Features

Your customers are your best marketing team, says Bar Pintxos’ Tinchu Gonzalez

An inexperienced restaurateur highlights the importance of customer-focused marketing

Photos by JP Talapian

Martin “Tinchu” Gonzalez is quick to admit that he and his business partner Miguel Vecin built Bar Pintxos on a whim. “We were just trying to cater to the Alabang market since we’ were both from there.”

Coming in from work, braving the traffic, and not having a place to hang out prompted the Spanish food importers to set up shop and offer comfort food and a selection of wines to their neighborhood—and they did this without any prior restaurant experience. It could have easily been a recipe for disaster, but the residents in the south came in droves, regardless of their shortcomings.

Bar Pintxos in Alabang only had 10 items on the menu: four tapas and six pintxos. And not even a marketing budget to promote the brand. Fortunately, they had friends, family, and impressed customers who were willing to promote the shop for them.

“It was risky because during that time, Miguel just resigned from corporate work and we wanted to increase our sales by expanding Tierra into something bigger,” says Gonzalez. “I was the waiter, the cashier, the dishwasher. And Miguel would do the groceries and be so busy in the kitchen. We only had secondhand burners and deep fryers. No POS. We were working 15 hours a day. None of us were restaurateurs. We were just two fat Spanish guys who love to eat. It was crazy.”

Bar Pintxos in Alabang only had 10 items on the menu: four tapas and six pintxos. And not even a marketing budget to promote the brand. Fortunately, they had friends, family, and impressed customers who were willing to promote the shop for them. “The customers were just so appreciative of what we were serving them. They took photos, posted them in their social media accounts, and all these were personal.”

Berenjenas fritas (fried eggplant, espelette, honey)
Huevos y foie
Sangria

Not long after, their customer base grew. Even people from Makati, Quezon City, and Pasig drove all the way to Alabang. There was even a group that came from Baguio to visit and enjoy what they had to offer. This made Gonzalez and Vecin realize that they had something special in their hands.

To date, Bar Pintxos has expanded to three branches, with BGC and Salcedo as their most recent openings. And though their food is sinfully savory and well-executed, they relegate their success to their customers who have remained loyal. “We had no marketing [strategy]. It was just kind blessings from people who felt that we deserved this chance. They believed in us.” Giving credit where it’s due, guests only did so because Bar Pintxos became some sort of a second home.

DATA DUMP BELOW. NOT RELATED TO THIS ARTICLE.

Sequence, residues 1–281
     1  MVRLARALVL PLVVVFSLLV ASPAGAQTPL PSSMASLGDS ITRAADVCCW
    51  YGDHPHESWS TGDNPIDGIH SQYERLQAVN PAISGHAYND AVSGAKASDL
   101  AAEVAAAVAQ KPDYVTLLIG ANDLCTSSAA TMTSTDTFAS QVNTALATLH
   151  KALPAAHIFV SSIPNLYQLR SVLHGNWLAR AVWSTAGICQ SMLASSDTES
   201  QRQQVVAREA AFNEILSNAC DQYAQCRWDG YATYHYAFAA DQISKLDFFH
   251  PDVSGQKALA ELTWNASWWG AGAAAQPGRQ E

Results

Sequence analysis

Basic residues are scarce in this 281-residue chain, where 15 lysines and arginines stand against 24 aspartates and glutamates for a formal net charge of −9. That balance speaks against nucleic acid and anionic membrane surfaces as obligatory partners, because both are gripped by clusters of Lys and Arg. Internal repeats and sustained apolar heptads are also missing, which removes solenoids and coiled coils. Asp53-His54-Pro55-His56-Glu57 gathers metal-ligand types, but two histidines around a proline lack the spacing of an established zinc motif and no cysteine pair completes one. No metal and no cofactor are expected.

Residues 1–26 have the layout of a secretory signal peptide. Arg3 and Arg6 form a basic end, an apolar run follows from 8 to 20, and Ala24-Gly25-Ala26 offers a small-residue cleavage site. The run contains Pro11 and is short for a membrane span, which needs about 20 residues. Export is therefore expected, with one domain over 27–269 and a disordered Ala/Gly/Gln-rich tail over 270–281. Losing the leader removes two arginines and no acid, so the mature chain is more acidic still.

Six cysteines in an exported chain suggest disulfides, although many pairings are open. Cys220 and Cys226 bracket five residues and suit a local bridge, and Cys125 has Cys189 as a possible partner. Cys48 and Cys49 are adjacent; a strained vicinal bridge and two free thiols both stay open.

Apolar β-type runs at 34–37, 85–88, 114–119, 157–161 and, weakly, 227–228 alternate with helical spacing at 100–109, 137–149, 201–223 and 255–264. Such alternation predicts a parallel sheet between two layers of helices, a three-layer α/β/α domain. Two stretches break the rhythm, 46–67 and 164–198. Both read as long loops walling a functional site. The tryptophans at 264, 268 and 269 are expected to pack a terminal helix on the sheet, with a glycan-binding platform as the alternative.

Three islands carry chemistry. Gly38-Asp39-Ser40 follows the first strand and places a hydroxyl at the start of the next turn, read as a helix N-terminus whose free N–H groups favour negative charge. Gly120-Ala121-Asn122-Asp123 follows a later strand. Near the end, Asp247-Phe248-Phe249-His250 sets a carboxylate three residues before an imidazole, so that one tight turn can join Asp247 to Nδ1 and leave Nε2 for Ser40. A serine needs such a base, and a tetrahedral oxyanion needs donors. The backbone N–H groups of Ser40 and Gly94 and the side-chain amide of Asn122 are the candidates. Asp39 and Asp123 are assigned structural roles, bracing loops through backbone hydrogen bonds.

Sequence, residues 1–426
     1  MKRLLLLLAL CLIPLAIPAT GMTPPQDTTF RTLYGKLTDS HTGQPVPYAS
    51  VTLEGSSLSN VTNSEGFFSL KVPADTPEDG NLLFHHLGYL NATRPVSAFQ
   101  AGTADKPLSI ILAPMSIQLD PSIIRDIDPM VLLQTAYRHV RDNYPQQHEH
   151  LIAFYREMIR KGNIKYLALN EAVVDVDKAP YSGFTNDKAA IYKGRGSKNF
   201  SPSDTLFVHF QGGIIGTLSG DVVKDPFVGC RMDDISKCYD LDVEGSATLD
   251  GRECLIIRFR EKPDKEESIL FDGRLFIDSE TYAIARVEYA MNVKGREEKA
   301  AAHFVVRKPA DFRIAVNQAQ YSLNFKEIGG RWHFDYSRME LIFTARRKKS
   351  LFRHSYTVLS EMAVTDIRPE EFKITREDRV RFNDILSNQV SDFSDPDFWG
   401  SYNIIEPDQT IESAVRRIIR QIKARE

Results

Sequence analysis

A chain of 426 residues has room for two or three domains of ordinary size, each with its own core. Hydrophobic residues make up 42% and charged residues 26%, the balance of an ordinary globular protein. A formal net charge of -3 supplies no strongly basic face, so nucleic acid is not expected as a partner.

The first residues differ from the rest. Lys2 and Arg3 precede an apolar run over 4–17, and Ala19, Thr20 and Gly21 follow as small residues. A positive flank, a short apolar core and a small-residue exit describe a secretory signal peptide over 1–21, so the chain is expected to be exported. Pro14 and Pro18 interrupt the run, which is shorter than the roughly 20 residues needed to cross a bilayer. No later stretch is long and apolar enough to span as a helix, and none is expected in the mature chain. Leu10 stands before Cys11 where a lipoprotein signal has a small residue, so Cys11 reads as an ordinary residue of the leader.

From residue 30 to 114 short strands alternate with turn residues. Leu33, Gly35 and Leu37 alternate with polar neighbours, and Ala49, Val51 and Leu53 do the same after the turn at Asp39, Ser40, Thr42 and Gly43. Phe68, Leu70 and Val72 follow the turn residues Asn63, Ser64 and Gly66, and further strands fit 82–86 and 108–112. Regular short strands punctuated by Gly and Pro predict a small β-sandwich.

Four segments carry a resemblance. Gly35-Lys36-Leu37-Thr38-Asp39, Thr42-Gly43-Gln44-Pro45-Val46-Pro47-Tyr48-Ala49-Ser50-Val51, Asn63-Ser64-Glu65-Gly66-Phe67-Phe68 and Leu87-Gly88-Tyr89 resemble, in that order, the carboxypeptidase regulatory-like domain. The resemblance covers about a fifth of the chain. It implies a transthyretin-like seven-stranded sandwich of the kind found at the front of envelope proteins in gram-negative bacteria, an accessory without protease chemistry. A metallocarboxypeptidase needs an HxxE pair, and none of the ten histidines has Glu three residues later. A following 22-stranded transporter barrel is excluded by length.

Gonzalez calls himself a glorified GRO, especially since he likes to talk to people and interact. And that has worked to his advantage as his personal attention lends to providing an environment that’s more welcoming. “It’s good that they see you’re there and that you can talk to them about your dishes. We try to give a certain homey vibe and feel. I make sure I spend time with the customers. We’re not trying to be pretentious or build a too upscale identity. I don’t want them to be intimidated. We extend ourselves to them. Sometimes, I even come up to bother them.”

“It’s good that they see you’re there and that you can talk to them about your dishes. We try to give a certain homey vibe and feel. I make sure I spend time with the customers. We’re not trying to be pretentious or build a too upscale identity. I don’t want them to be intimidated. We extend ourselves to them. Sometimes, I even come up to bother them,” says Tinchu Gonzalez.

Food writer Jaclyn Clemente-Koppe, who has sworn by Bar Pintxos since day one, says, “An authentic pintxos bar is not just about food. That cozy, neighborhood vibe is what truly sells the place and sets it apart from the Spanish restaurants we’re used to.”

Gonzalez’ role when they opened the Alabang branch was highly instrumental in making the restaurant the resounding success it is today. Koppe adds, “Not only did he make it a warm and inviting space for the customers, but he made it a point to educate those who might not fully understand what they’re doing and how truly special it is. While Miguel’s food speaks for itself, Tinchu makes sure that guests leave appreciating what they do and feeling like they’re part of it.”

Satisfied customers do make for the best restaurant promoters. Their affirmation don’t stem from likable food photos or promotional gimmicks but from reliable experience, which, to be honest, leaves a lasting impression.

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